Big Cat Confrontation

A highway mishap literally turns Wolf Creek Pass in Colorado into a zoo.

Big Cat Confrontation

Two male Nubian lions were among the big cats that escaped when a circus truck overturned on Wolf Creek Pass in Colorado. Photo: Carlos fotografia

“You now have two male Nubian lions, a jaguar, a leopard, two mountain lions and a Bengal tiger loose in your district on Wolf Creek Pass! That was the last thing I expected to hear from Tom Richards, a close friend and local highway patrol officer in Pagosa Springs, Colorado, where I was stationed as wildlife conservation officer for the Colorado Division of Wildlife, when I answered the phone at 5 a.m. A circus truck had gone off the road on one of the steepest parts of the pass and smashed against a rock wall, killing the driver, an African lion and mountain lion. The cages that held the rest of the cats were damaged and they had all escaped.  

About the time I arrived on the scene, another totally discombobulated trucker pulled up at the wreck site and informed Tom and me that he had just hit and killed a tiger on the highway, a mile up the pass. According to the guy who owned the cats, this was the most dangerous of the lot and was obviously wasting no time getting out of the area. I had picked up a lot of roadkilled critters on the highway during my 15 years as a conservation officer, but this Bengal tiger was a first!         

By the time Tom and I returned to the wreck site with the tiger carcass, one of the patrol trainees had located the leopard curled up under a downed spruce 100 yards above the wreckage, and it was not very happy with the world. I had brought the tranquilizer rifle I used for tagging elk, which wasn’t the best option for cats but would work if they didn’t get too rambunctious or spooked — although it would take five minutes or more to have any debilitating effect. As a backup I had an open sight .375-caliber Model 70 Winchester. According to the owner of the cats, they had all been born and raised in captivity and would more than likely stay calm and in the vicinity of the wrecked cages and truck but could still be dangerous if provoked, which sticking a hypodermic dart into them just might do. 

I eased in and darted the leopard in the hindquarter from 25 yards and it stood up and snarled a bit, which moved me rapidly back to 50 yards. Then it bedded down right where it had been. When the big cat had obviously lost coordination 15 minutes later, we moved in, got it loaded on a stretcher and moved it to a hastily repaired cage. While we were dealing with the leopard, one of the mountain lions appeared out of the woods on the steep slope, moved down to the wreckage and bedded down a few yards from the truck. After a brief conflab, the owner got some meat out of the freezer on the truck and with another cage we moved carefully into closer position. I tied a chunk of meat to a light rope and ran it through the cage. Then I tossed the bait near the cougar and after bit of patient waiting managed to entice it back into the confines of the cage. Now that’s sneaky cat hunting!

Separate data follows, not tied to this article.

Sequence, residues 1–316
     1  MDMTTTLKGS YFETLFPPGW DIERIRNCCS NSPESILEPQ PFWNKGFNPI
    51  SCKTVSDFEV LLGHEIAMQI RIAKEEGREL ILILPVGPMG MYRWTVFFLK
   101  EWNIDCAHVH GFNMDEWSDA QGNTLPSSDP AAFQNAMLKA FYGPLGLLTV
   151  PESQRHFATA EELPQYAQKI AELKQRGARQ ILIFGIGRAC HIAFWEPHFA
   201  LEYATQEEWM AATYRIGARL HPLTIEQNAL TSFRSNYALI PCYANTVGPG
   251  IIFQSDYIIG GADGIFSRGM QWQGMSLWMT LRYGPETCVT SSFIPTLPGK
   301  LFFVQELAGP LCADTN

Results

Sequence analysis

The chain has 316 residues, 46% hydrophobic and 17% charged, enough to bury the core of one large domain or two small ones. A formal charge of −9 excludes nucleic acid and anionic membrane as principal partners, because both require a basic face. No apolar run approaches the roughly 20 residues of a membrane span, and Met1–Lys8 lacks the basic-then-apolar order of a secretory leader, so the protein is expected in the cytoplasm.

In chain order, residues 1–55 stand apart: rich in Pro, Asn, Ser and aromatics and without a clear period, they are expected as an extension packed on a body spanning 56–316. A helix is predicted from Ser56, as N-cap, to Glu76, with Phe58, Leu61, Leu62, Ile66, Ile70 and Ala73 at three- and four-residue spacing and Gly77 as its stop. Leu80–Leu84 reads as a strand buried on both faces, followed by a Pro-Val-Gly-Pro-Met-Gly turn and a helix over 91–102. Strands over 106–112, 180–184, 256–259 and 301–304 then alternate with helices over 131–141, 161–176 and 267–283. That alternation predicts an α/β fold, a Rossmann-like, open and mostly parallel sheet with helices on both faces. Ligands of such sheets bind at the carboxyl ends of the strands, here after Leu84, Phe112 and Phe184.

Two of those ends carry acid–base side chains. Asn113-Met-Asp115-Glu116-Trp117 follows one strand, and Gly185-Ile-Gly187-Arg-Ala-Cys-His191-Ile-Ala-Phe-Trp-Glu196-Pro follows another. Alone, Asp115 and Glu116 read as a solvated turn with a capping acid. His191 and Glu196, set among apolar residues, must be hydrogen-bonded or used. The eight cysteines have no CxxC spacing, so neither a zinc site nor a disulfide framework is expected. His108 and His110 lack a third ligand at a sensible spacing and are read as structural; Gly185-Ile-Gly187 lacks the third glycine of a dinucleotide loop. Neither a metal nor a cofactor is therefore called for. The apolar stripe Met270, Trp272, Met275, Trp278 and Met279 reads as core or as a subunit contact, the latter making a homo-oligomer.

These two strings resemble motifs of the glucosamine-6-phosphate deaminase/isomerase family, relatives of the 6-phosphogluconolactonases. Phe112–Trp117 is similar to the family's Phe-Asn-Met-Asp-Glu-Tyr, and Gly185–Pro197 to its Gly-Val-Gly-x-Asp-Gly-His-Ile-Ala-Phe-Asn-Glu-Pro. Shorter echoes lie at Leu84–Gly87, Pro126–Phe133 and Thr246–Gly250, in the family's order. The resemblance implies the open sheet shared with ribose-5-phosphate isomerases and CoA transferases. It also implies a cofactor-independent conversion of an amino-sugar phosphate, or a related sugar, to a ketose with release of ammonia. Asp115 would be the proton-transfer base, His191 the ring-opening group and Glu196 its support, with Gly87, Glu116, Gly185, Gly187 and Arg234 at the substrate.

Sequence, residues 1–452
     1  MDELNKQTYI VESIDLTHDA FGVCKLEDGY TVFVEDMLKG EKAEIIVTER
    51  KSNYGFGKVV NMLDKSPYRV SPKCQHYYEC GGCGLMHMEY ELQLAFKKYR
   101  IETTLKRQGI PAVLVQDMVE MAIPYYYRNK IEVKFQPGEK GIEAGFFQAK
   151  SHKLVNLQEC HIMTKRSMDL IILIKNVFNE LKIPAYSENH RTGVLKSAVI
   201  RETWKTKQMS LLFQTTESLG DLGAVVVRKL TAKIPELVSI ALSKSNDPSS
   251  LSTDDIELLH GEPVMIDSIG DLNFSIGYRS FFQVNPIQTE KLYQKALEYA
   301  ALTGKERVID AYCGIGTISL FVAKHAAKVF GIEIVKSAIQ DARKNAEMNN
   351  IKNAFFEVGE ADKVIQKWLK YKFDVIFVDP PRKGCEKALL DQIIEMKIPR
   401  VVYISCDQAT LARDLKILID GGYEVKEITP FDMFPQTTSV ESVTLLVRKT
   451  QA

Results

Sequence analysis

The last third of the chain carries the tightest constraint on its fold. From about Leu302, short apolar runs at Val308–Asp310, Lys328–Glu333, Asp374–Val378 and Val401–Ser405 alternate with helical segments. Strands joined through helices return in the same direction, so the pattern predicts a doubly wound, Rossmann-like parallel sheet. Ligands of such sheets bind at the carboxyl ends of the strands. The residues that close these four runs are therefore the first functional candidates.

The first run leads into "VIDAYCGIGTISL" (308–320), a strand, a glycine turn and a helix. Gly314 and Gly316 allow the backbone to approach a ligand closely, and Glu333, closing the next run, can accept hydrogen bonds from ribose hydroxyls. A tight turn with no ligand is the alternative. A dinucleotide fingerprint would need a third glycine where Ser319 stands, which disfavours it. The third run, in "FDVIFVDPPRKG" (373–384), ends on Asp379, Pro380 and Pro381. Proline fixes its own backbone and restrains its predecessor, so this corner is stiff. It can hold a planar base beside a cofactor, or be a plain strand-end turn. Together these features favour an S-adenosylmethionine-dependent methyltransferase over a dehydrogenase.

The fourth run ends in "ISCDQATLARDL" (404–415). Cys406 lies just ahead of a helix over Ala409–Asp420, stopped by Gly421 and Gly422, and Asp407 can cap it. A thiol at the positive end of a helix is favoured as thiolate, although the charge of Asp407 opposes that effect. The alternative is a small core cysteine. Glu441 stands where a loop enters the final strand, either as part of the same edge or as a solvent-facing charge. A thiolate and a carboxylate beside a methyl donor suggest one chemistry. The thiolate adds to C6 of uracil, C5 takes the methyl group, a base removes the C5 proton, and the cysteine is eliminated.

That morning, I talked with our head big-game biologist in Denver, who had just returned from a month in Africa. While there, he had gotten a bacterial infection he was still recovering from and was too sick to leave Denver and join the hunt. However, he told me he would send down a tranquilizer gun and some new tranquilizers that would be ideal for the cats. It would knock them out almost immediately with no danger of overdose. He would also send a stimulant to counteract the tranquilizer and bring the critters out of their snooze at our discretion.    

One of the highway patrolmen had located one of the 400-pound Nubian black-maned lions on a bench just below the highway. When I got within 30 yards of the very imposing feline it stood up and gave me the evil eye, which didn’t help steady the scope’s crosshairs planted on its hindquarter. However, I made the shot, and the new tranquilizer put him down right where he stood.  

While we were dealing with the big lion, a lady pulled up and told a patrolman she had fed a sandwich to a mountain lion that came out of a highway culvert a half-mile down the highway. A half-hour later we spooked the cougar out of the culvert and into a net with no problem. We were discussing where the jaguar and other lion might be when coughing, grunting sounds echoed up from the canyon below, leaving no doubt where the last aggravated lion was. A half-hour later I was lining up the crosshairs on the largest of the escaped cats, hoping the tranquilizer would do its thing. It did and it took eight of us to haul the 400-pound-plus cat back to the highway above.  

We never found a sign of the jaguar and figured it was injured in the crash and had crawled into a hidey-hole on the rugged mountainside and expired. After a few days, a TV station reporter interviewed me and wanted to know how big of a search party I had looking for the cat. I told her there was me and the hunting buddy that backed me up with the .375. Kind of hard to find volunteers interested in finding an injured probably highly agitated jaguar in the Colorado mountains.   


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